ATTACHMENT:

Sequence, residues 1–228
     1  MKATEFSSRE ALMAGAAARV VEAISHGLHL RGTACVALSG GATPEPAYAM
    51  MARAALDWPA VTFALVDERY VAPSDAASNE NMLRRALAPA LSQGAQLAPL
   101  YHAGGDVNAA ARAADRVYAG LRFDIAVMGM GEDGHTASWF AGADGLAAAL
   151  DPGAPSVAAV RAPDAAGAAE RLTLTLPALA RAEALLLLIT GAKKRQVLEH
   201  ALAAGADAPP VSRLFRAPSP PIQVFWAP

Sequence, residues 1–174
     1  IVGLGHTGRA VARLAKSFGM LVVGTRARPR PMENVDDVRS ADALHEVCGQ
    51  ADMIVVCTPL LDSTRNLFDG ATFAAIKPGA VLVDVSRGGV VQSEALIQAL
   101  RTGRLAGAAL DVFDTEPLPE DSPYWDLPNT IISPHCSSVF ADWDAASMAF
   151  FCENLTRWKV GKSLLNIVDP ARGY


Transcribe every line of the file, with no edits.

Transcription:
Sequence, residues 1–228
     1  MKATEFSSRE ALMAGAAARV VEAISHGLHL RGTACVALSG GATPEPAYAM
    51  MARAALDWPA VTFALVDERY VAPSDAASNE NMLRRALAPA LSQGAQLAPL
   101  YHAGGDVNAA ARAADRVYAG LRFDIAVMGM GEDGHTASWF AGADGLAAAL
   151  DPGAPSVAAV RAPDAAGAAE RLTLTLPALA RAEALLLLIT GAKKRQVLEH
   201  ALAAGADAPP VSRLFRAPSP PIQVFWAP

Sequence, residues 1–174
     1  IVGLGHTGRA VARLAKSFGM LVVGTRARPR PMENVDDVRS ADALHEVCGQ
    51  ADMIVVCTPL LDSTRNLFDG ATFAAIKPGA VLVDVSRGGV VQSEALIQAL
   101  RTGRLAGAAL DVFDTEPLPE DSPYWDLPNT IISPHCSSVF ADWDAASMAF
   151  FCENLTRWKV GKSLLNIVDP ARGY